Song of the Day: The Smashing Pumpkins – 1979 (February 16, 2021)
Smashing Pumpkins front Man Billy Corgan wasn’t a teenaged high-schooler in 1979, he was only 12, but hey close enough looking back from 1995, when he’d reached the ripe old age of 28. “I’m on the edge of losing my connection to youth” he said at the time, “and I wanted to communicate from the edge of it, an echo back to the generation that’s coming”. Geez, wish I was similarly on the edge of losing my connection to my younger teenaged self, but alas, no; and the passing of the years has accelerated to the point that I was brought up short, revisiting a song which to me still seems fairly recent, to realize that the distant past it commemorates was only 16 years prior at the time, and is now more than 40, 26 more years having somehow flowed under the bridge.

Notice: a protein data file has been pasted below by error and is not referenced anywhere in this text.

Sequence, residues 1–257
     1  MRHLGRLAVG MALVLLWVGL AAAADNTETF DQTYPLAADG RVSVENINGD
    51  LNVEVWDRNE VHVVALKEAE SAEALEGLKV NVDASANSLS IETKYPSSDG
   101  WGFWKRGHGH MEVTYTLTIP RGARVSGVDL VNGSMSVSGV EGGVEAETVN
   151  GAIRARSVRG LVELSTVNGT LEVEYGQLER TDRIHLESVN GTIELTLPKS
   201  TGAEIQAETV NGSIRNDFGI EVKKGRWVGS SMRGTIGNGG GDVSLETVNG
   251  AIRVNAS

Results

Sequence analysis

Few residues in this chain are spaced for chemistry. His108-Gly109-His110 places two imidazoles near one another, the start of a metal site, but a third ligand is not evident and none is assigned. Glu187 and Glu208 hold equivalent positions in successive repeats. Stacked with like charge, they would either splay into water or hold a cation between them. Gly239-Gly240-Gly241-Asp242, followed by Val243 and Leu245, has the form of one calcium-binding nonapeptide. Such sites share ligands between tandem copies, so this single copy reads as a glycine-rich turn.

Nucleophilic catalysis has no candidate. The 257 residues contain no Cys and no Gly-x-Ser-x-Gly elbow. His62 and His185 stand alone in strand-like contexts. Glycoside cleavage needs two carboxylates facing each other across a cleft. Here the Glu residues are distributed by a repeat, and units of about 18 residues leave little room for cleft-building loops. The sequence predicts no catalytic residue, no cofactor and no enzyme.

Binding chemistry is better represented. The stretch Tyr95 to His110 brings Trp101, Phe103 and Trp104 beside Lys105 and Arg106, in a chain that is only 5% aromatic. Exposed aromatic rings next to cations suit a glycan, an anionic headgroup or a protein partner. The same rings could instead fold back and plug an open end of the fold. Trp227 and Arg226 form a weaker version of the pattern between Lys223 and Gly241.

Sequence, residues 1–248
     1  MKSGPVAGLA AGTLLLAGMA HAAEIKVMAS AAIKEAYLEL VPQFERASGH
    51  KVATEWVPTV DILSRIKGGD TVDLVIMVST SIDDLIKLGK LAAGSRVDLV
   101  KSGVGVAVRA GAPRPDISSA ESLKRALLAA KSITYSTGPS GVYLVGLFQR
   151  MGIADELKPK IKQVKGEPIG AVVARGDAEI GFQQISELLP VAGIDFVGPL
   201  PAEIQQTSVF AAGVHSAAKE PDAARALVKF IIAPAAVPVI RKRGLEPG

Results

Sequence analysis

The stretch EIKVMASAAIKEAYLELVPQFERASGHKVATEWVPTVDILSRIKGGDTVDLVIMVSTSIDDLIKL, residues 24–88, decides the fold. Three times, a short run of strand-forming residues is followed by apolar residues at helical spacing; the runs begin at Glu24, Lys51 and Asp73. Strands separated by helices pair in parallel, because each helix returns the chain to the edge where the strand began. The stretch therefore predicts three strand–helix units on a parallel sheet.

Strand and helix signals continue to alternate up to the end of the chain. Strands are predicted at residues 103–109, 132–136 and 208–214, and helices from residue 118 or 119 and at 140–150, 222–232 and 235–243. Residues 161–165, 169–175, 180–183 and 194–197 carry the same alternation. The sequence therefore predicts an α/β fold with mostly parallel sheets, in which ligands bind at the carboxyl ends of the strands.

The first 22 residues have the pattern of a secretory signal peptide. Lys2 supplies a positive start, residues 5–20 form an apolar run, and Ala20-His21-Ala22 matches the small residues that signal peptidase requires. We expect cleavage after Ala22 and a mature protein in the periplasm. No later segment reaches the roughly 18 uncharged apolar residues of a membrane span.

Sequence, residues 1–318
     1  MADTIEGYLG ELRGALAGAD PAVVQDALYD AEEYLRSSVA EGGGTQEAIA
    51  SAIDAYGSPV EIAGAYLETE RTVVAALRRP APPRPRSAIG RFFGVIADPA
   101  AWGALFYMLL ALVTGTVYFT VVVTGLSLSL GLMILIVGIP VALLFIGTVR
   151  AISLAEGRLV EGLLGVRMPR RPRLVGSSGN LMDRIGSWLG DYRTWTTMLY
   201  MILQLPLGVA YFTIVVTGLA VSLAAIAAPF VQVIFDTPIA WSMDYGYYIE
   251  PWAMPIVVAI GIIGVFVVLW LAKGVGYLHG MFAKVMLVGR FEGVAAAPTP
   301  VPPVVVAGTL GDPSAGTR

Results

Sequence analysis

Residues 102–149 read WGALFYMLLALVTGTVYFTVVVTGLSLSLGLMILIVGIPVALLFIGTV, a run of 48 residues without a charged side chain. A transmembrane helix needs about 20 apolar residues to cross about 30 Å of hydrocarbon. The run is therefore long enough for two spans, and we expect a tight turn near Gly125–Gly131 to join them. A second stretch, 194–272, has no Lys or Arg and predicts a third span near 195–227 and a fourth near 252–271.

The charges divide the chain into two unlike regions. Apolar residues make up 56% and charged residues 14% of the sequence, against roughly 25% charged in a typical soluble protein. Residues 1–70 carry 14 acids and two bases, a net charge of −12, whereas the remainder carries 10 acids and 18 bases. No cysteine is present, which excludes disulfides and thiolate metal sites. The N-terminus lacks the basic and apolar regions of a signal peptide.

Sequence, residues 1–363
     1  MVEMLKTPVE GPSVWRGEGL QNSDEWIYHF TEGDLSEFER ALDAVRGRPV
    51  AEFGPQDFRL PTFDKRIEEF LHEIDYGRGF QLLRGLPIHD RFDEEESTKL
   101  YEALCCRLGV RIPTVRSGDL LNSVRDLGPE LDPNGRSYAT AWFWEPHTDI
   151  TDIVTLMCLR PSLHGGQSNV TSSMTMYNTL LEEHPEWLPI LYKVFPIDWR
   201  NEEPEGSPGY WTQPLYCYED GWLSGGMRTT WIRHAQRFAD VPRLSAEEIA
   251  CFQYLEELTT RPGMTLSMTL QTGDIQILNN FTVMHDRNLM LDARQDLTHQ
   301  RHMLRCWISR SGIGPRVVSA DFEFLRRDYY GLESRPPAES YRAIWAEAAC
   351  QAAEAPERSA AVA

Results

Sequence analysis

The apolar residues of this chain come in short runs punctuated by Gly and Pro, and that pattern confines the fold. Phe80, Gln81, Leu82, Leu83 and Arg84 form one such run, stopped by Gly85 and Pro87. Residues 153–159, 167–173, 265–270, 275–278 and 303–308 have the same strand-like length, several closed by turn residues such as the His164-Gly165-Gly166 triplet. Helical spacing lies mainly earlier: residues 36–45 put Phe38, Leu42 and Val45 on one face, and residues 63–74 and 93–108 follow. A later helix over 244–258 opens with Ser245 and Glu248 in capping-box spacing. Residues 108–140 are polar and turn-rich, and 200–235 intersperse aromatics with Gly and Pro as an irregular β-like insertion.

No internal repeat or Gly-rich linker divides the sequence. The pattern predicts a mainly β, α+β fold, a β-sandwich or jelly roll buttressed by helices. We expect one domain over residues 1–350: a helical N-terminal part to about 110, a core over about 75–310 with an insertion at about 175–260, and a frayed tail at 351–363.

I was 18 in 1979, on my way to university, so really this wonderfully nostalgic song should be more about my past than Corgan’s, except I wasn’t a normal well-adjusted teenager, and none of the depicted stuff happened to me. I didn’t go to wild house parties, or cruise around town with my homies in a muscle car like the ’72 Dodge Charger featured here (my buddy Leonard had a mid-70s Pinto in which I often rode shotgun during my college years, does that count?), and I never would have considered anti-social rebellion as extreme as throwing a neighbour’s harmless patio furniture into his pool, or TP’ing the innocent trees in somebody’s previously tidy front yard. Good Lord, no. What if that was your pool? What if those were your trees in your front yard? Then how would you feel? Nope, that sort of thing just wasn’t nice.